A New York bill could force fossil fuel companies to pay for what lawmakers — and studies — say is their share of the mess they’ve made in the atmosphere.
A pair of Democratic New York state lawmakers, Assemblymember Jeffrey Dinowitz and state Sen. Liz Krueger, have drafted the Climate Change Superfund Act, a bill that, if enacted, would require oil and gas producers in the state to pay $30 billion over the next decade for their share of total greenhouse gas emissions since 2000. But ultimately, the bill aims to bring in a total of $75 billion over a 25-year period.
To put that into perspective, ExxonMobil, one of the largest U.S. oil companies, made nearly $20 billion between July and September – a record for any quarter, and 10% higher than its previous record set just a quarter before.
“This is a big lift, and the fossil fuel companies will fight like hell against it, but isn't that the story of our lives right now?” said Krueger. “We're trying to save the planet and some people are continuing to argue, ‘Just let us sell fossil fuels and leave us alone.’”
The Climate Change Superfund Act is designed to raise money for infrastructure projects across the state to protect against extreme weather events caused by climate change, costs that would otherwise be charged to state taxpayers.
This first-in-the-nation legislation uses the polluter-pays model, a commonly accepted practice that those who produce pollution should pay to clean it up, and applies it to greenhouse gas emissions.
Ecofriendly groups and the U.S. Environmental Protection Agency consider greenhouse gas emissions a form of pollution because of their potential harm to human health and the environment.
Earlier this month, when Gov. Kathy Hochul announced major climate initiatives in her State of the State address, she did not mention the Climate Change Superfund Act. But the bill, which was first introduced in the last legislative session, is expected to move forward this spring, according to Dinowitz.
“The basic premise of the bill is what our parents told us: If you break it, you gotta fix it; if you make a mess, you got to clean it up, and that's what's going on here,” Dinowitz said.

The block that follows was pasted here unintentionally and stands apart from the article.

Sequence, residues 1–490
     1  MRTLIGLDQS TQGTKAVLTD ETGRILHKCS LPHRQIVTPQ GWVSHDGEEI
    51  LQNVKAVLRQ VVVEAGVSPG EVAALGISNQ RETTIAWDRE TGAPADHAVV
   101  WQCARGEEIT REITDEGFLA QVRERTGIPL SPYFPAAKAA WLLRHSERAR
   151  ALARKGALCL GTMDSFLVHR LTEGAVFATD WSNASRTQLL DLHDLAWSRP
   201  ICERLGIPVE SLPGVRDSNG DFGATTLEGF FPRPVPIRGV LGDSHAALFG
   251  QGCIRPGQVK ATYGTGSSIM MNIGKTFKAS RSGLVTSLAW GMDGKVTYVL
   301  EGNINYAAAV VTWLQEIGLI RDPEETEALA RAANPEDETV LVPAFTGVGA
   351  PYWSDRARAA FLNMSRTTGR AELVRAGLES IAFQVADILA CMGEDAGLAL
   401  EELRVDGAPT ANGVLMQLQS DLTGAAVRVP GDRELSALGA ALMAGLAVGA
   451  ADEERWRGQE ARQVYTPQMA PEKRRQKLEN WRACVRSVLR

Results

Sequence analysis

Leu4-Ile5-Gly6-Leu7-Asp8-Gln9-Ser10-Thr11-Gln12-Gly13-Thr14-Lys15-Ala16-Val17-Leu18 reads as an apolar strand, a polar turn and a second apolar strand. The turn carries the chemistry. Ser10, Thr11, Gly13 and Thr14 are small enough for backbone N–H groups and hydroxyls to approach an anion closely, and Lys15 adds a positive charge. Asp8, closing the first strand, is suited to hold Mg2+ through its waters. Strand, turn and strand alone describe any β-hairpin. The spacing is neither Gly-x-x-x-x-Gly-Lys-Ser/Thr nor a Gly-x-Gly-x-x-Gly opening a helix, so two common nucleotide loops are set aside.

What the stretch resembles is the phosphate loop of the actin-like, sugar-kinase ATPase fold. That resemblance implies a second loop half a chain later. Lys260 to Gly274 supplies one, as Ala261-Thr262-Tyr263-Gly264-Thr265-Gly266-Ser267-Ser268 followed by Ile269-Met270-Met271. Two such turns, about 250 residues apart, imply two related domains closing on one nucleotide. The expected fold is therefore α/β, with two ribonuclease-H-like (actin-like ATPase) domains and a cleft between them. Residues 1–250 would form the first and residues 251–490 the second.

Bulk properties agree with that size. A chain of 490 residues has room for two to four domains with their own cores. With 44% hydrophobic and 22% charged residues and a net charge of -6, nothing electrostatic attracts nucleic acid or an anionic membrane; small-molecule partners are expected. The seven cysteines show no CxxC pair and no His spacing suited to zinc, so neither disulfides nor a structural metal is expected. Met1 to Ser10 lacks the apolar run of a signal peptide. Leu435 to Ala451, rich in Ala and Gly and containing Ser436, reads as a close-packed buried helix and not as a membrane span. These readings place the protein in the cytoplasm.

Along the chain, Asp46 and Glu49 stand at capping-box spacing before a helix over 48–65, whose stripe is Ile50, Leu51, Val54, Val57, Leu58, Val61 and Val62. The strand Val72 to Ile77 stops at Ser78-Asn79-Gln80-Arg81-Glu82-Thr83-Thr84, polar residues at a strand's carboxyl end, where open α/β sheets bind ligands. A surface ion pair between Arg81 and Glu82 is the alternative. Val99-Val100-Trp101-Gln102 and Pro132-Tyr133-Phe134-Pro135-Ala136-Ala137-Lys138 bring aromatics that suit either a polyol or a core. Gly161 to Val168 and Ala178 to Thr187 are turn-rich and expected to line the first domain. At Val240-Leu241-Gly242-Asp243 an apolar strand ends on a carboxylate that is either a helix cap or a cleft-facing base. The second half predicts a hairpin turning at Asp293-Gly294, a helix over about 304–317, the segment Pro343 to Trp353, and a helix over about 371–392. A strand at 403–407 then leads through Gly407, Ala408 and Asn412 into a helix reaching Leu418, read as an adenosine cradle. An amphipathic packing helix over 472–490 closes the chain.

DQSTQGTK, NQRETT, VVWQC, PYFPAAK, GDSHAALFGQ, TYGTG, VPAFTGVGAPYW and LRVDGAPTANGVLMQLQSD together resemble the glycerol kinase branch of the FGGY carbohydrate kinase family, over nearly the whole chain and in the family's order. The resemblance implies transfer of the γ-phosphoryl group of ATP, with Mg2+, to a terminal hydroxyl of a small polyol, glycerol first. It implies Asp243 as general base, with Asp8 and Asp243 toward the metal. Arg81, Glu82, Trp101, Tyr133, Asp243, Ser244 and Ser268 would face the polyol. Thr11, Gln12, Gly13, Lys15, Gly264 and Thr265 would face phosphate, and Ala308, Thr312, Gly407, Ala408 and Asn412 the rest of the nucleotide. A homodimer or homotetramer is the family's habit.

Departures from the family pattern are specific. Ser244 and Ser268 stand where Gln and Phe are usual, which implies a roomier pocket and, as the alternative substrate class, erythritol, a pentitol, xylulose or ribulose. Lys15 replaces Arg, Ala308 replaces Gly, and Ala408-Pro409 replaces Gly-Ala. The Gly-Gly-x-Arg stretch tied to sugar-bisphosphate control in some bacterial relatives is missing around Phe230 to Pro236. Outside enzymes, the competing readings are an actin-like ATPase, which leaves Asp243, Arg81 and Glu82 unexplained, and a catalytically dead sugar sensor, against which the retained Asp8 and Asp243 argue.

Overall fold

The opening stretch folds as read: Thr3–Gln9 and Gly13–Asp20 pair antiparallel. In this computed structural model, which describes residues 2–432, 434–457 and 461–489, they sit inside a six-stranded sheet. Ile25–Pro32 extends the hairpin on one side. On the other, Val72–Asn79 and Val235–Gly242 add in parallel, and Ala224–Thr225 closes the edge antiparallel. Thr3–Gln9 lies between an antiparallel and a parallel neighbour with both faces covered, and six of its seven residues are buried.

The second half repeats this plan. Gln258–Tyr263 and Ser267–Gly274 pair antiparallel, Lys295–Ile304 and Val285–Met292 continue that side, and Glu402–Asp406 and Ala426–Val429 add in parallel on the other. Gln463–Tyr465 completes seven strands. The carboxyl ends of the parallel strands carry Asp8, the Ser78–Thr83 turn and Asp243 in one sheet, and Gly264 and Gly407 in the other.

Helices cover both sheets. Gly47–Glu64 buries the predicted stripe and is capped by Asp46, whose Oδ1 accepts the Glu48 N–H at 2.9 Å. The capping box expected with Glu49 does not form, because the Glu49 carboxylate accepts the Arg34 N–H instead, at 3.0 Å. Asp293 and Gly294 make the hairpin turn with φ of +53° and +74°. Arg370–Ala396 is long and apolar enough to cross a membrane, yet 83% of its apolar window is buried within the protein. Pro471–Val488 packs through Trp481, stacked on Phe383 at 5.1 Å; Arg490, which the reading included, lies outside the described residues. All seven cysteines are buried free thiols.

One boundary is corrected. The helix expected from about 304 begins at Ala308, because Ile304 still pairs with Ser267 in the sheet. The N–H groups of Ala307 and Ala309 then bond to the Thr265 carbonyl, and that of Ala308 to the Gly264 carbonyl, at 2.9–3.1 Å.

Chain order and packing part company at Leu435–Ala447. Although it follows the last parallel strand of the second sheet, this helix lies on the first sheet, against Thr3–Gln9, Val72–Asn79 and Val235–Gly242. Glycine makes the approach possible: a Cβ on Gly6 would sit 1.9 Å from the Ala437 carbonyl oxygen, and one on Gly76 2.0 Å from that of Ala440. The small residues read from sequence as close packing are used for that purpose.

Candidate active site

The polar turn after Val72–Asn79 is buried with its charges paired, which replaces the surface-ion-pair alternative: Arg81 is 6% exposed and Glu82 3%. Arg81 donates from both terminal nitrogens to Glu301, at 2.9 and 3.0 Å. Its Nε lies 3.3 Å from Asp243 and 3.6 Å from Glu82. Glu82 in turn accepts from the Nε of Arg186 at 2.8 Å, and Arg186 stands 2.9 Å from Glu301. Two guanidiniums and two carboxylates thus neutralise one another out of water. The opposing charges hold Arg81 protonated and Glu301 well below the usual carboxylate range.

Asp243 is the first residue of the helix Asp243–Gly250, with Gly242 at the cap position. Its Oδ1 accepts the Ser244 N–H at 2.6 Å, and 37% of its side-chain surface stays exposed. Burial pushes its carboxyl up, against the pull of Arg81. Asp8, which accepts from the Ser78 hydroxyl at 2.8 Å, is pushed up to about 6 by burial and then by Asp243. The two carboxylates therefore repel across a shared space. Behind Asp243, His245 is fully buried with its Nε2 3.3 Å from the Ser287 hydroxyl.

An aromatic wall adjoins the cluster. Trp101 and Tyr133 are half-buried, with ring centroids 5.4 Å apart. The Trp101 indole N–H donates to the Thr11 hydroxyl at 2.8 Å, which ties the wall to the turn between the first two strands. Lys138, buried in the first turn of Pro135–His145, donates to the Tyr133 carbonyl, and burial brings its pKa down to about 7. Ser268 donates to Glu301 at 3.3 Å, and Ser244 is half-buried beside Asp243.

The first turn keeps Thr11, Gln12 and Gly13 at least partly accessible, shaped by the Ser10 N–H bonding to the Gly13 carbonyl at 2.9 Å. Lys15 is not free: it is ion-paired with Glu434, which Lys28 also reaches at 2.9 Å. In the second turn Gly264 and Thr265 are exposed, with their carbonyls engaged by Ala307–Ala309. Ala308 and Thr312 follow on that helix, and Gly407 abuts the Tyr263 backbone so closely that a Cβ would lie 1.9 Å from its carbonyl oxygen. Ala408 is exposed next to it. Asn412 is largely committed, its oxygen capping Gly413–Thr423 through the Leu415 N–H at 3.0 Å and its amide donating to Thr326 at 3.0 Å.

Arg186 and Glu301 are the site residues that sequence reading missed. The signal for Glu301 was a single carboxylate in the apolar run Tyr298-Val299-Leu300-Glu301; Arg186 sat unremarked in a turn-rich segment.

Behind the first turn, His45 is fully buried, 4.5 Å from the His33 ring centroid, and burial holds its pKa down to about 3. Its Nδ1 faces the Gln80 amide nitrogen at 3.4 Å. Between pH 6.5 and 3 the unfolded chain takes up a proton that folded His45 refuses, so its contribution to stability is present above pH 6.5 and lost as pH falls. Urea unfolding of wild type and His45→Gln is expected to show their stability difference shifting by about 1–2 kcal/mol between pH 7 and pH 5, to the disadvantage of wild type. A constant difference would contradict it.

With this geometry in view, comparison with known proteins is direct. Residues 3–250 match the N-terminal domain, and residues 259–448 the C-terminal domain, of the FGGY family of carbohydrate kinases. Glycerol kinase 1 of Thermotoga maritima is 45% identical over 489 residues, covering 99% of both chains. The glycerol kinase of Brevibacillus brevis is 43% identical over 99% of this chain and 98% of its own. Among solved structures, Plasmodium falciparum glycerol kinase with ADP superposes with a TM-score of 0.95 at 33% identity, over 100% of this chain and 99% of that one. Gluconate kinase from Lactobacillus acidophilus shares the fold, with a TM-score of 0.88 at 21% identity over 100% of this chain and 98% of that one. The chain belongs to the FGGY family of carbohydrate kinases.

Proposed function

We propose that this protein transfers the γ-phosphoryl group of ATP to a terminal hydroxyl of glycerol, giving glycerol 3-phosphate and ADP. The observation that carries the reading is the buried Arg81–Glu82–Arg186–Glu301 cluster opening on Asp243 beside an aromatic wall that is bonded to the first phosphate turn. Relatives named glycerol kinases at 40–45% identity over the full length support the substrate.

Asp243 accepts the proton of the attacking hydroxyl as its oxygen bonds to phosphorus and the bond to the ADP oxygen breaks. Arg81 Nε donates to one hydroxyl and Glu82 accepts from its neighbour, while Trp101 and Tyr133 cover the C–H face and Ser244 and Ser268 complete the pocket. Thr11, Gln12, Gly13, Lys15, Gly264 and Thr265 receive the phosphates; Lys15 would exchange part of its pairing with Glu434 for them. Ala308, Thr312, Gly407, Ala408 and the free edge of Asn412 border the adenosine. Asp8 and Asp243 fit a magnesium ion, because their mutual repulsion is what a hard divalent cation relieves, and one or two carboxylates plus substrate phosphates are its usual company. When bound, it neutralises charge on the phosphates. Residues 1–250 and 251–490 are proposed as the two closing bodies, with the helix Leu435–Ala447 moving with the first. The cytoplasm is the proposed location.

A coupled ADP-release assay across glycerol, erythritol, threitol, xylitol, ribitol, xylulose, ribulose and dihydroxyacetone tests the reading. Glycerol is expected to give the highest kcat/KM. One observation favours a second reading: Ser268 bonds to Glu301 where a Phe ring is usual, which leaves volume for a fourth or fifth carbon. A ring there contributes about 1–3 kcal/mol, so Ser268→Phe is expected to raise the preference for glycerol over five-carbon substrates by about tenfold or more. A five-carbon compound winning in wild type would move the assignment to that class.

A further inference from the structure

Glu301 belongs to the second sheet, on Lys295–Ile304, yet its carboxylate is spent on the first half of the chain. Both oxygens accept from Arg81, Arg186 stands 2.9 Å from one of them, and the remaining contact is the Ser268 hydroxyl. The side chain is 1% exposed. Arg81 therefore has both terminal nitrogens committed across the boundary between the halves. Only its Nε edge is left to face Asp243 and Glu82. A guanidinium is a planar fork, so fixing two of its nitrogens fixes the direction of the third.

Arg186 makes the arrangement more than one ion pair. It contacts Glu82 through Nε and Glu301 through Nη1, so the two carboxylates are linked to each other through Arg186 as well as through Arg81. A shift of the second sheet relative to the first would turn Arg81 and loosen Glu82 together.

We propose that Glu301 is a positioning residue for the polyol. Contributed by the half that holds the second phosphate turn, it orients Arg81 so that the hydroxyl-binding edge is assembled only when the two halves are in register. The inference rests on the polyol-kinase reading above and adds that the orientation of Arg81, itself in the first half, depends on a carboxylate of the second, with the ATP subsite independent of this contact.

State agencies and EPA regional offices often declare Superfund sites. But unlike the existing federal Superfund program, this proposed state act would not have to prove polluters were negligent. The New York State Department of Environmental Conservation would use a formula for each fossil fuel company to calculate their emissions and the percentage they would have to pay.
Damage costs would vary from fossil fuel company to company and wouldn’t apply to companies operating outside of New York. Pete Howard, the economics director at NYU’s Institute for Policy Integrity, co-authored a 2022 report that looked at the effect of the Climate Change Superfund Act on gas prices. He said the penalties would not be expected to impact the cost of gasoline at the pump in New York or the price of crude oil because companies would treat these payments as one-time fixed costs.
“The way this act is designed is it charges fossil fuel companies that are related to New York state for past emissions, and that has to do with past oil extraction, past oil transportation, past oil processing and past sales of oil,” said Howard. “So, it has nothing to do with their current decision-making.”
Rachel Rothschild, an assistant professor at the University of Michigan Law School who conducted legal research for the bill, said there are currently no federal laws that would prevent New York or another state from passing a Climate Change Superfund Act. But the fossil fuel companies could try to challenge the law in a couple of ways to avoid paying any money.
They could argue, like they’ve done in other cases, that carbon emissions aren’t a state issue, but a global one, of international scope.
Rothschild said the trickiest argument for New York state would be proving a company’s jurisdiction. So, to find that a fossil fuel company emitted greenhouse gases in the region, the state would have to prove that the company operated in the state.
Now, this gets tricky because many fossil fuel companies are multinational corporations that often don’t have their headquarters in New York. Their subsidiaries assist them in selling their products in the state.
Rothschild said New York can still make its case by showing that through sales, marketing and product transportation, fossil fuel companies still operated within the state.
If the bill’s successful, Dinowitz said the Climate Change Superfund Act could serve as a model for other states and countries on ways to help pay for the rising costs of climate change.
New York ranked fifth in petroleum consumption overall, but ranks relatively low in consumption per person because of public transportation and urban density, according to Howard’s report. And the Empire State produces virtually no petroleum.
Dozens of cities, counties and states are suing fossil fuel companies over climate change, alleging they knew for decades that emissions from their products contributed to global warming.
In October, New Jersey accused Exxon Mobil, Shell Oil, Chevron, BP, ConocoPhillips and the American Petroleum Institute trade group – of which all the companies are members — of violating the state’s Consumer Fraud Act.
Consumer protection cases have historically been tried in state courts, but fossil fuel companies have appealed in attempts to get their cases heard in federal court, where national regulations around drilling and air pollution could invalidate the legal claims against them.
Correction: A previous version of this story misstated the name of NYU's Institute for Policy Integrity.